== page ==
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A CurtainUp DC Review
Ok, the story is corny. Dolly Levi, a widow, is a born meddler who knows how to get what she wants. Case in point: Horace Vandergelder, a wealthy but penny-pinching widower who vows that he will never, never marry Dolly -- until the finale! Just one example that Dolly's methods pay off. Whatever she puts her mind to, Dolly succeeds. As does Betty whose voice may not be as strong as it once was, whose soft shoe is, well, soft, but whose acting is perfect for the part of Dolly.
The show moves slowly until the first act finale, "Before the Parade Passes By," which is colorful and thrilling. Gower Champion's choreography as interpreted by Warren Carlyle has a "you are there" feel to it, making the audience feel as though it too has joined the party. Wonderful!
Act Two is by far the better half with the tried-and-true self-explanatory "Elegance." Then comes the evening's highlight that takes us inside the Harmonia Gardens restaurant where the waiters criss-cross the stage holding platters high, clanging skewers, and even sliding down the bannisters with great precision.
Could this scene get any better? It does when Dolly makes her entrance sporting a bright red dress with a massive headdress made from feathers. It's a scene most musical theater fans have seen many times before —with Carol Channing, Barbra Streisand, and most recently Bette Midler— and now with enormous grace by Betty Buckley as she descends the staircase, in all her finery. "Again," she says as she leads all the waiters with windmill-like arms across the stage for the second time to a hearty response from the audience.
In another memorable moment, Betty/Dolly, sitting alone downstage right in the Harmonia Gardens Restaurant, tucks into a hearty meal of turkey, silent, except for the occasional slurp. Her comic timing is superb.
Other standouts are Mr. Vandergelder's over-worked employees, Nic Rouleau as Cornelius Hackl and, Sean Burns as Barnaby Tucker. Rouleau dances the waltz and polka with style. Burns gives a terrific athletic and speedy performance with remarkably high side kicks that are a pleasure to watch. Excellent too is is Kristen Hahn's ditzy, much put-upon hatmaker's assistant Minnie Fay, love interest of Barnaby Tucker. Old timers such as me remember Lewis J. Stadlen's impersonation of Groucho Marx eons ago. Stadlen is still using some of the same schtick which works well here. What does not work at all is Stadlen's solo "Penny in My Pocket." Why the lyrics were completely lost is not clear: Stadlen's diction? the miking? the Kennedy Center's accoustics?
This production ably directed by Jerry Zaks, spares no expense. It is a delight to look at thanks to Santo Loquasto's scenic and costume designs. There's a light-rimmed proscenium arch surrounding a gold-trimmed red velvet curtain that opens to reveal gravure-like scenes of old New York. The costumes are loaded with flounces and frills, ribbons and feathers for the women, bowler hats, waistcoats and plaid suits for the men in a palette of day-glo pinks, yellows, turquoises, greens, etc. that enhance such an enjoyable evening.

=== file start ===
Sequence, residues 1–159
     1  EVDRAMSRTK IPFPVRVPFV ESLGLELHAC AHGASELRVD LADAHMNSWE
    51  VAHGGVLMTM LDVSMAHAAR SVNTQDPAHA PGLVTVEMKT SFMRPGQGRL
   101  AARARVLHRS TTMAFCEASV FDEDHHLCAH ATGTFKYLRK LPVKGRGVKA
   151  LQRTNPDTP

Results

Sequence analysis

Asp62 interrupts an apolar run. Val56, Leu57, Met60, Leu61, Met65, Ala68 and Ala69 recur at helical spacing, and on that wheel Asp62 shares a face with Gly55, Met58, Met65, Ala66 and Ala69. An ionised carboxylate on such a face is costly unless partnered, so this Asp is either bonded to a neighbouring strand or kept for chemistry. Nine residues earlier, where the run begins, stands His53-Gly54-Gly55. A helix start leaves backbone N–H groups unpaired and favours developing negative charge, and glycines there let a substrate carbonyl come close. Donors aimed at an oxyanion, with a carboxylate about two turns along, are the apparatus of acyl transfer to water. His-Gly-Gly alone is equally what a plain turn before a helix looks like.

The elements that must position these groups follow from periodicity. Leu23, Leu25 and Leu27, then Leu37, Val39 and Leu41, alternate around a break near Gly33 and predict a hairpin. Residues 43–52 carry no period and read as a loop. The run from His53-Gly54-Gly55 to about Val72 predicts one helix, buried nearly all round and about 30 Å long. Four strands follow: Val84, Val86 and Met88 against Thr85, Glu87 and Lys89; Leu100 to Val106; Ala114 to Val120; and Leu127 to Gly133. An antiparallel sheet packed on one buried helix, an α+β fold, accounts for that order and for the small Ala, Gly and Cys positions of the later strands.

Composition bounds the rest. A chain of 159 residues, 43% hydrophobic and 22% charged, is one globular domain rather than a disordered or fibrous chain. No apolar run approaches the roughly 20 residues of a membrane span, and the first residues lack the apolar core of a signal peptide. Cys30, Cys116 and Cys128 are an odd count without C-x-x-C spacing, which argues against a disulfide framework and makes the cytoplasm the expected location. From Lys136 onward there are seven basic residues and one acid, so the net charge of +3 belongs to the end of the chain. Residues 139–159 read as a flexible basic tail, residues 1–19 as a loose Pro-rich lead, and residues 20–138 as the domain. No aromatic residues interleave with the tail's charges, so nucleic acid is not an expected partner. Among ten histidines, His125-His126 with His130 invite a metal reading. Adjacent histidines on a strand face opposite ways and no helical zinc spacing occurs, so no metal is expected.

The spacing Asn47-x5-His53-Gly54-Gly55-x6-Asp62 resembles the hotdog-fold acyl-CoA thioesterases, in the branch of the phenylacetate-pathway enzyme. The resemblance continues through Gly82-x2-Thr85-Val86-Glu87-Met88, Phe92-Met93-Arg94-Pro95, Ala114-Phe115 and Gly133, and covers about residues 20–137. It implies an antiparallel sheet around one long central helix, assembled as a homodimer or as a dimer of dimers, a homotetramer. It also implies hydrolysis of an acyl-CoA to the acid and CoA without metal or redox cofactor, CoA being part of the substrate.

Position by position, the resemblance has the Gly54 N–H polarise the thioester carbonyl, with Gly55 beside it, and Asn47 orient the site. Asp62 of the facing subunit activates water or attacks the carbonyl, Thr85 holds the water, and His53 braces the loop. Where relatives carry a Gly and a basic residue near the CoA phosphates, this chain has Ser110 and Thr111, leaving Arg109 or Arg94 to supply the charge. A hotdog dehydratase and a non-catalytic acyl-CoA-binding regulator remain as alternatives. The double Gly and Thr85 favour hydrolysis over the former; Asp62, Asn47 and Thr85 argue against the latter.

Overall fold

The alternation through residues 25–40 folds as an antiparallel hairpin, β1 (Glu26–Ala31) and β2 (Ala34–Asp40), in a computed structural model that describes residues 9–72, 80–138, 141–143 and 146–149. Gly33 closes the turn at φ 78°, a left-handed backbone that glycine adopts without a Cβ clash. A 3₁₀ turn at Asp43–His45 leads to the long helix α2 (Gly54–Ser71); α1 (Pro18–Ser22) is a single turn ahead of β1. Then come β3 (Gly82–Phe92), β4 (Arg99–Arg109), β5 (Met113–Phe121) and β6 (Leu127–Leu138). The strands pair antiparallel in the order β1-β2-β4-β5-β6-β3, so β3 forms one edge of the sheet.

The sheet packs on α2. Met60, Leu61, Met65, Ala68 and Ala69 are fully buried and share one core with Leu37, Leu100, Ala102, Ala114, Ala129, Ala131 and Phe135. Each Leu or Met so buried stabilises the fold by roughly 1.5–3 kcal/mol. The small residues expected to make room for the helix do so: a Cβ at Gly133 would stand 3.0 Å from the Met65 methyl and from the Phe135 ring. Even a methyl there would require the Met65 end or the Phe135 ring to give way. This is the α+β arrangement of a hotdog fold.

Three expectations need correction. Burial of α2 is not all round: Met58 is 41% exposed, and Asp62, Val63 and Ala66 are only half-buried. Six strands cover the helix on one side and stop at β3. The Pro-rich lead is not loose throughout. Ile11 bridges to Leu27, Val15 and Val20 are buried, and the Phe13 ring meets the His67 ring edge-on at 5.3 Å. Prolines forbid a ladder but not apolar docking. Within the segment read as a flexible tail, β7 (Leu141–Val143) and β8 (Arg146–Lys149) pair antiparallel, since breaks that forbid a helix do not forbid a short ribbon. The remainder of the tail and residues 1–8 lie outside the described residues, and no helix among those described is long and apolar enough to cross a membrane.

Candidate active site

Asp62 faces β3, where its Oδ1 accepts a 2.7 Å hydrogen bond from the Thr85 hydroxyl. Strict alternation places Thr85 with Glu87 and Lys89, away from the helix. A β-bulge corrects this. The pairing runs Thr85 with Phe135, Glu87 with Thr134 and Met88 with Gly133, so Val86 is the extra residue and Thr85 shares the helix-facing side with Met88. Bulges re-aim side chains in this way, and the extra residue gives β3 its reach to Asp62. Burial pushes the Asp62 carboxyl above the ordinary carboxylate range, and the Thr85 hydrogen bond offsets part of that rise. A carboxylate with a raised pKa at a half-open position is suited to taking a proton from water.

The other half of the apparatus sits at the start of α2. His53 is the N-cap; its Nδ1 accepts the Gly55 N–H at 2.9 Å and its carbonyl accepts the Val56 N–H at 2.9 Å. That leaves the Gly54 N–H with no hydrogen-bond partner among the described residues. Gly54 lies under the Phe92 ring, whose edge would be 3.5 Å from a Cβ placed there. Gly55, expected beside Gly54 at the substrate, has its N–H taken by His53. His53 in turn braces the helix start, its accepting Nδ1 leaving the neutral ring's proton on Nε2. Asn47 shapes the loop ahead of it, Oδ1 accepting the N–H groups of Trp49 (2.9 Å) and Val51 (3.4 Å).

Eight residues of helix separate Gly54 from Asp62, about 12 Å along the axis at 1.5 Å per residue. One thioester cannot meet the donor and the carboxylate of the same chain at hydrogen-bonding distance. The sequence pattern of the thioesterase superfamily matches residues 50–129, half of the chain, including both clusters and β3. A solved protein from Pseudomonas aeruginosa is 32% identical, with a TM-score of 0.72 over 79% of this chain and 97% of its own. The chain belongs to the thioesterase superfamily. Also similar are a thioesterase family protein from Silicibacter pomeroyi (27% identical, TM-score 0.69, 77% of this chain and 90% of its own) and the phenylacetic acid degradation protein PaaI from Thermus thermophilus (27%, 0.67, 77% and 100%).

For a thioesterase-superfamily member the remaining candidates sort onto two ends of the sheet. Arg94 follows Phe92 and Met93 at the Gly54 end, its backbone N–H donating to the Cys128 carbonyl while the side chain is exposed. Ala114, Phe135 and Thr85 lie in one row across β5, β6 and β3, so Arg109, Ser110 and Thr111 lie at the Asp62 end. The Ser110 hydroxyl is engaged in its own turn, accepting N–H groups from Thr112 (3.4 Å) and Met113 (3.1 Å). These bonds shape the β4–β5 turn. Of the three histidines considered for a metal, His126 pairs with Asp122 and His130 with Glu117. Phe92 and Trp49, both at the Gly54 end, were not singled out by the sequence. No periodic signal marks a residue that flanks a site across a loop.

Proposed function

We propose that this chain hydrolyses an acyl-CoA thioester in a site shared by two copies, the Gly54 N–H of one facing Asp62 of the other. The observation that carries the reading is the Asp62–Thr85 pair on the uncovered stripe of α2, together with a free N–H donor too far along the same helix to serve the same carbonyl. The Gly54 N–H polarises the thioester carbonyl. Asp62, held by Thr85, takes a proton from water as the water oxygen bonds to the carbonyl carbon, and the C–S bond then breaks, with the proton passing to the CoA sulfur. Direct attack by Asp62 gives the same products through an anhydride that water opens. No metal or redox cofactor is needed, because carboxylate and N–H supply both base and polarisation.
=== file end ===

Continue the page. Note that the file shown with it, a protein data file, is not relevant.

Book by Michael Stewart
Music and Lyrics by Jerry Herman
Directed by Jerry Zaks
Sets and Costumes by Santo Loquasto
Choreography by Gower Champion originally; for his production, Warren Carlyle
Cast: Betty Buckley (Dolly Gallagher Levi); Colin LeMoine (Ambrose Kemper); Lewis J. Stadlen (Horace Vandergelder); Morgan Kirner (Ermengarde); Nic Rouleau (Cornelius Hackl); Sean Burns (Barnaby Tucker); Kristen Hahn (Minnie Fay); Analisa Leaming (Irene Molloy); Beth Kirkpatrick (Mrs. Rose); Jessica Sheridan (Ernestina); Wally Dunn (Rudolph); Scott Shedenhelm (Stanley); Timothy Shew (Judge); Daniel Beeman (Court Clerk); Maddy Apple, Daniel Beeman, Giovanni Bonaventura, Elizabeth Broadhurst, Darius Crenshaw, Julian DeGuzman, Alexandra Frohlinger, Dan Horn, Corey Hummerston, Madison Johnson, Beth Kirkpatrick, Ben Lanham, Kyle Samuel, Scott Shedenhelm, Timothy Shew; Maria Cristina Slye, Cassie Austin Taylor, Davis Wayne, Brandon L. Whitmore, Connor Wince (Townspeople, Waiters, etc.)
Running time: 2 hour and35 minutes, including one 15-minute intermission. Kennedy Center, kennedy-center.org; performances from June 4 to July 7, 2019. Reviewed by Susan Davidson at June 6, 2019 performance.
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